About each category:
White tea comes from the buds and leaves of the Chinese Camellia sinensis plant. The leaves and buds are allowed to wither in natural sunlight before they are lightly processed to prevent oxidation or further tea processing.
The name "white tea" derives from the fine silvery-white hairs on the unopened buds of the tea plant, which gives the plant a whitish appearance. The beverage itself is not white or colorless but pale yellow.
Green tea is made from the leaves from Camellia sinensis that have undergone minimal oxidation during processing. Green tea originated in China, but it has become associated with many cultures throughout Asia.
Green tea has recently become relatively widespread in the West, where black tea has been the traditionally consumed tea. Many varieties of green tea have been created in the countries where it is grown.
Oolong is a traditional Chinese tea (Camellia sinensis) produced through a unique process including withering the plant under the strong sun and oxidation before curling and twisting. Most oolong teas, especially those of fine quality, involve unique tea plant cultivars that are exclusively used for particular varieties.
The taste of oolong varies widely among different subvarieties.
Black tea is a type of tea that is more oxidized than oolong, green and white teas. Black tea is generally stronger in flavor than the less oxidized teas.
While green tea usually loses its flavor within a year, black tea retains its flavour for several years. For this reason, it has long been an article of trade, and compressed bricks of black tea even served as a form of de facto currency in Mongolia, Tibet and Siberia into the 19th century.
Pu-erh is a variety of fermented dark tea produced in Yunnan province, China. Fermentation is a tea production style in which the tea leaves undergo microbial fermentation and oxidation after they are dried and rolled.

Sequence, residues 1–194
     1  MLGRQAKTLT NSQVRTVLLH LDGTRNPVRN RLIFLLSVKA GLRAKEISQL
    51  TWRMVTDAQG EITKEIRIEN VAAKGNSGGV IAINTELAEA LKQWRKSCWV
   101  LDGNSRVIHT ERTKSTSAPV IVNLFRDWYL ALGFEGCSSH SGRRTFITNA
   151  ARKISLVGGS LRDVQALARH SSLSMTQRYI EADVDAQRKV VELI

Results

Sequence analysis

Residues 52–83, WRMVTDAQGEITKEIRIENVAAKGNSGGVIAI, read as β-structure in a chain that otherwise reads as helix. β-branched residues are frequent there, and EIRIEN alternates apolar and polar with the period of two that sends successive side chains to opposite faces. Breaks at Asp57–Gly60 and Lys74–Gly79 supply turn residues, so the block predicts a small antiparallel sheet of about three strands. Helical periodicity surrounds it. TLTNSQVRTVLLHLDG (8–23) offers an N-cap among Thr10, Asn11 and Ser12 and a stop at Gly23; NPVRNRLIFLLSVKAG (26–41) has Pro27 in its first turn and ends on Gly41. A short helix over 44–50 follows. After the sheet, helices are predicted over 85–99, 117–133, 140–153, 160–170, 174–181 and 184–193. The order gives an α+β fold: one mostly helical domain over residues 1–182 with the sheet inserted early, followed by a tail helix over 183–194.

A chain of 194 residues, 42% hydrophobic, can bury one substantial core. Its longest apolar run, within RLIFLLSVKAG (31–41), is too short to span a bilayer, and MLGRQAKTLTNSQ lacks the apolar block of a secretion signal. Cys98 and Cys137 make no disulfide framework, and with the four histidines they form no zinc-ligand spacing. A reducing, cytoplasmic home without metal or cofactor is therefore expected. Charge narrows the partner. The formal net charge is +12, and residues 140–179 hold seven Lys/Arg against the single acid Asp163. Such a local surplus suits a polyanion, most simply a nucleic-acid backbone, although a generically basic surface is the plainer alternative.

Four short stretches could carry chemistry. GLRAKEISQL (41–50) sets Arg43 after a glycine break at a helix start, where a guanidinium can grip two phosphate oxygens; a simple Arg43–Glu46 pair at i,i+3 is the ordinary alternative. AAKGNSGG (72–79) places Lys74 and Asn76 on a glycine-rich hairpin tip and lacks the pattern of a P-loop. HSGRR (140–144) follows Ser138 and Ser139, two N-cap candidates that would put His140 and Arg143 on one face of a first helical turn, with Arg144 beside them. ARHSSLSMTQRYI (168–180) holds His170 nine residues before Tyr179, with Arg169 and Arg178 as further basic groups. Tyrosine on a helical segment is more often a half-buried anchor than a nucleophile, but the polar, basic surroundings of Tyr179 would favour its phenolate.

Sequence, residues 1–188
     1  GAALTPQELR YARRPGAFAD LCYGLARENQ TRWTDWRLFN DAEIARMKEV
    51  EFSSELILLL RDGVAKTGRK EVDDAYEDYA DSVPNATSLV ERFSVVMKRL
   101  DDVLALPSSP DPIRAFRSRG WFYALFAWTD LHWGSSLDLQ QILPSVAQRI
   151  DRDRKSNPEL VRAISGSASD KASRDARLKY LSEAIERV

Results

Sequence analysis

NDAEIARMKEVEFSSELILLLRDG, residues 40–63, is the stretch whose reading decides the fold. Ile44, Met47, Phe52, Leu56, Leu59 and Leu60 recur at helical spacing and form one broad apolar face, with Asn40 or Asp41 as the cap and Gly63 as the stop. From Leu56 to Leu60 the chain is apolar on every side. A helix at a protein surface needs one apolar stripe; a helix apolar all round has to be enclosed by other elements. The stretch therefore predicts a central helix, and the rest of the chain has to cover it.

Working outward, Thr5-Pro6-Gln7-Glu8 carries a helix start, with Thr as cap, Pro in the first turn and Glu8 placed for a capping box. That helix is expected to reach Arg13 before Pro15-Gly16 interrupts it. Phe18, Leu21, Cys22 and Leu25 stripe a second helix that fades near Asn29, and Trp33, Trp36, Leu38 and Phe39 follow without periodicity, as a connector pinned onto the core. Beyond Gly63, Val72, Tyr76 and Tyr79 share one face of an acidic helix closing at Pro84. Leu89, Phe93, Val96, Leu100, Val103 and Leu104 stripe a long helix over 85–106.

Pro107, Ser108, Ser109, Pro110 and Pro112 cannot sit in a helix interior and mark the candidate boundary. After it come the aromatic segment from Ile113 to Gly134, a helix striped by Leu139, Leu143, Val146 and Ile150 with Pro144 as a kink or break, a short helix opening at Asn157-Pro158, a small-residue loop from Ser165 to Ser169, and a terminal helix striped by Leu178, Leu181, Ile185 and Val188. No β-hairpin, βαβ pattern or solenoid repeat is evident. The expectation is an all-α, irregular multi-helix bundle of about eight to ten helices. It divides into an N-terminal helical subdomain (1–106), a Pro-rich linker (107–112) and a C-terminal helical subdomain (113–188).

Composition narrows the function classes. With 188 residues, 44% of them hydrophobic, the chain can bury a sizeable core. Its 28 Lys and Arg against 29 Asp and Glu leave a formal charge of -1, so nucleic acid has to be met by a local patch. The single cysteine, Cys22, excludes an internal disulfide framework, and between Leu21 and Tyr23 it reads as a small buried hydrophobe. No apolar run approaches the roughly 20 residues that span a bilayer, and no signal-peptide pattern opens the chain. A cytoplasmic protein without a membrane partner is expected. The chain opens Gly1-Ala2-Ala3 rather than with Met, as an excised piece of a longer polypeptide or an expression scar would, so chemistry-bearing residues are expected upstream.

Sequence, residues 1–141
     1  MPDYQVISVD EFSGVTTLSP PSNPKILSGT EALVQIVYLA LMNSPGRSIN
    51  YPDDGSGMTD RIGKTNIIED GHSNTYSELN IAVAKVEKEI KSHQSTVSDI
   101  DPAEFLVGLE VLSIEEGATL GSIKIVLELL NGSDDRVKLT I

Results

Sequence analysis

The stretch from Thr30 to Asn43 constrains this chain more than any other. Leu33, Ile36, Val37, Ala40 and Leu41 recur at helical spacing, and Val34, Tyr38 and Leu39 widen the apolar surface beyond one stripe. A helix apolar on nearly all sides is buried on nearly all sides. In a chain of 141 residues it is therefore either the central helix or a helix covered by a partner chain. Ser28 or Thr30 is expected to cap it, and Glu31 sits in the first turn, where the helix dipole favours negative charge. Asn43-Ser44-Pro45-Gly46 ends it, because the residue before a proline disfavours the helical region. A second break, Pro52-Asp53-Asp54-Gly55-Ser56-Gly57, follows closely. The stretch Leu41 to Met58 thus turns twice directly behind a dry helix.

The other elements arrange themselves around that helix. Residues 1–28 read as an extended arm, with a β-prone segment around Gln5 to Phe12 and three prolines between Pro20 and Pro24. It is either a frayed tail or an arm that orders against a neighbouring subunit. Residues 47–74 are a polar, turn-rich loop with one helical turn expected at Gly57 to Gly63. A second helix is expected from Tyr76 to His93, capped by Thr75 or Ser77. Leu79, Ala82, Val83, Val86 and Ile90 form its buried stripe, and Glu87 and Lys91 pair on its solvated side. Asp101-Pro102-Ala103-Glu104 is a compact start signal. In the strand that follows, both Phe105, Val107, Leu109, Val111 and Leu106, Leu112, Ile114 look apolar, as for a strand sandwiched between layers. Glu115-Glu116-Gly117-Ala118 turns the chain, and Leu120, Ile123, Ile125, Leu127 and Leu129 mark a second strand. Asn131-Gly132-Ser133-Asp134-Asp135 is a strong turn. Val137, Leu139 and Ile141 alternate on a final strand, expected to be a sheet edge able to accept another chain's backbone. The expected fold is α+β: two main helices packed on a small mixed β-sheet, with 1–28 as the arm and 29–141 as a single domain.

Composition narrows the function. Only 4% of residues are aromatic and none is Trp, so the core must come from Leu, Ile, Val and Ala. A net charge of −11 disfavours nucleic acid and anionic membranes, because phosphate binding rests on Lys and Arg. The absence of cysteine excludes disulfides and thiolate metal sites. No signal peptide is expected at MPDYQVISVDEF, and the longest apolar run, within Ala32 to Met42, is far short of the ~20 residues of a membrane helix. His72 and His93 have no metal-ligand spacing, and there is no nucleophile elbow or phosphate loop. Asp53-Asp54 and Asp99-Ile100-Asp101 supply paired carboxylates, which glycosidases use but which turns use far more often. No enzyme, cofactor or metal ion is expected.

Pu'er traditionally begins as a raw product known as "rough" Mao Cha (毛茶) and can be sold in this form or pressed into a number of shapes and sold as "raw" Sheng Cha (生茶).
Mate sometimes spelled maté in English, also known as yerba mate, chimarrão, is a traditional South American caffeine-rich infused drink, particularly in Argentina.
It is prepared by steeping dried leaves of yerba mate (Ilex paraguariensis, known in Portuguese as erva-mate) in hot water. It is technically not "tea" since it does not contain leaves of the camellia sinensis plant, but rather an "infusion."
Matcha is a finely milled or fine powder green tea. The Japanese tea ceremony centers on the preparation, serving, and drinking of matcha.
In modern times, matcha has also come to be used to flavour and dye foods such as mochi and soba noodles, green tea ice cream and a variety of wagashi (Japanese confectionery). Matcha is a fine-ground, powdered, high-quality green tea and not the same as konacha.
Rooibos, meaning "red bush" is a broom-like member of the legume family of plants growing in South Africa.
The leaves are used to make a herbal tea called Rooibos or bush tea (esp. Southern Africa).
In South Africa, it is common to prepare rooibos tea in the same manner as black tea and add milk and sugar to taste. Other methods include a slice of lemon and using honey instead of sugar to sweeten.
Herbal tea, or tisane, is any beverage made from the infusion or decoction of herbs, spices, or other plant material in hot water, and usually does not contain caffeine.
These drinks are distinguished from caffeinated true teas (black, green, white, yellow, oolong, etc., which are prepared from the cured leaves of the tea plant, Camellia sinensis), as well as from decaffeinated tea, in which the caffeine has been removed.